As the warm summer evening twilight fades and the night skies are revealed, my gaze is always drawn to the magnificence of the summer Milky Way. Here the awesome star fields are peppered with clusters and nebulae as we gaze along the spine of our galaxy. I always find myself, though, returning to the glowing globulars-symmetrical spheres of one hundred thousand to one million stars which formed in the earliest stages of our galaxy ten to fifteen billion years ago. As Harlow Shapley deduced, the globular clusters form a halo around our galactic nucleus and as the center of the milky is located in the direction of Sagittarius, we naturally find the highest concentration in this constellation. Of the 150 or so known globulars, 29 can be found in this constellation, 24 more in Ophiuchus while 18 reside in Scorpius. Between these three constellations, this amounts to nearly half of the total numbers of globulars.
Globulars tend to be relatively bright and compact and so often they have a very high surface brightness. This is despite the fact that they often lay in the direction of heavy obscuration by dust in the plane of the milky way which can diminish starlight by several magnitudes. The brightest globulars like Omega Centauri, and even M13 are naked-eye objects while the smallest optical aid including your finder scope will reveal scores of globulars.
Although they are similar as a class, globulars vary considerably in appearance visually. Except for highly obscured or distant globulars, they are easy to locate as a class, so the principal challenge for the visual observer is the degree of resolvability into stars. This depends greatly on 3 factors. First, is the degree of concentration of the stellar members in the cluster (rated on a 1 to 12 scale with a smaller number indicating a concentrated cluster and a larger number indicating a loosely packed cluster). Tightly packed clusters tend to resist resolution but will have a high surface brightness. This aids some extremely distant clusters such as NGC 2419 in Lynx to be easily visible in an 8" scope. Secondly, the distance to the globular plays a factor with the closest globulars like M4 and Omega Centauri generally appearing larger and brighter. Medium or loosely concentrated clusters may allow a high degree of resolution in an 8" if they are relatively nearby. A third factor which can come into play is the extent of dust in the plane of the milky way along our line of sight to the object. Some globulars discovered photographically in the past 35 years are visually unobservable due to a combination of a sparse population, extreme distance, and high obscuration of dust in the galactic plane.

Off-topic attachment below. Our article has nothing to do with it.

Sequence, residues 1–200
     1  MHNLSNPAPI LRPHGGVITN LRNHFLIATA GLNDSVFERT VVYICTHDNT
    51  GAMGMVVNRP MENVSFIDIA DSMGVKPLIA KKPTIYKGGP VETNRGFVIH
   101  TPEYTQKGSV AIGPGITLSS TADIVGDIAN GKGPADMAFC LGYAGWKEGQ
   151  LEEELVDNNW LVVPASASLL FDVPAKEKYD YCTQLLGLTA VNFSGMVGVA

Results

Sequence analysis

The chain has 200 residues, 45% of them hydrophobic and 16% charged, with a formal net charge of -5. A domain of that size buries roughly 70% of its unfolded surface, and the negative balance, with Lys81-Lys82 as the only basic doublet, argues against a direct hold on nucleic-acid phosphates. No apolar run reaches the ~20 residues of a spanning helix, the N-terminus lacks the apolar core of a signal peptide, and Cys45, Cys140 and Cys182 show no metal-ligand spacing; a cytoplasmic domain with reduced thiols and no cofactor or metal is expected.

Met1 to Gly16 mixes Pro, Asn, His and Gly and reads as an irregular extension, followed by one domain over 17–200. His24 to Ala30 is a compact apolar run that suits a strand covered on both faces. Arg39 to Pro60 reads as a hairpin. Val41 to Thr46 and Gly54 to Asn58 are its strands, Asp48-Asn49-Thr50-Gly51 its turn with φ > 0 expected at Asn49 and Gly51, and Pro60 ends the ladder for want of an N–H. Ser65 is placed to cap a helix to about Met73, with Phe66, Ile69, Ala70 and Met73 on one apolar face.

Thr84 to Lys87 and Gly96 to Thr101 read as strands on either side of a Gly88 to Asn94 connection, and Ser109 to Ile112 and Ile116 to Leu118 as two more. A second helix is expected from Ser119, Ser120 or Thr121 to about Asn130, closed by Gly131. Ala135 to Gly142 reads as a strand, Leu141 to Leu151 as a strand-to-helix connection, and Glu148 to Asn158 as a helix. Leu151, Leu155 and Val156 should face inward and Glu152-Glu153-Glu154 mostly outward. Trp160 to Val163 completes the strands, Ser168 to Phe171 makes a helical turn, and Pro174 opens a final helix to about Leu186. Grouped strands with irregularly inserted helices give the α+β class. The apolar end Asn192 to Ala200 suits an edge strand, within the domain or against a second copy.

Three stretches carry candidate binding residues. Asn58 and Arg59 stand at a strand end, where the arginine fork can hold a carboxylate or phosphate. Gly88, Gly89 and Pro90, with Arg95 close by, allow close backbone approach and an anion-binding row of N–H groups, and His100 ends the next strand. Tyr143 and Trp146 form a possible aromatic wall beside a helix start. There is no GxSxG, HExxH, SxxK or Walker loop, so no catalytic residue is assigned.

The easiest place to start is Lambda, which forms the top of the "teapot" asterism. Just 40' east, you'll find NGC 6638, a compact object with a high surface brightness. In my 17.5" it appears fairly bright and round, perhaps 2 arc minutes in diameter. The halo has a fairly even surface brightness but increases in to a small bright core. At 220X, a few extremely faint stars, magnitude 15-16 are resolved at the mottled edges of the halo.
Head back to Lambda and move 1° to the northwest and you'll run across M28 , discovered by Messier in 1764. Although his description, reads in part "nebula containing no star", my C-8 at 200X just resolved the lively halo into many faint stars. With a 13", M-28 appears very bright, and fairly large with a highly mottled core. and the outer halo is resolved into many stragglers arranged in long spidery chains. A few dozen stars are resolved at 290X including a prominent star chain leading to the north.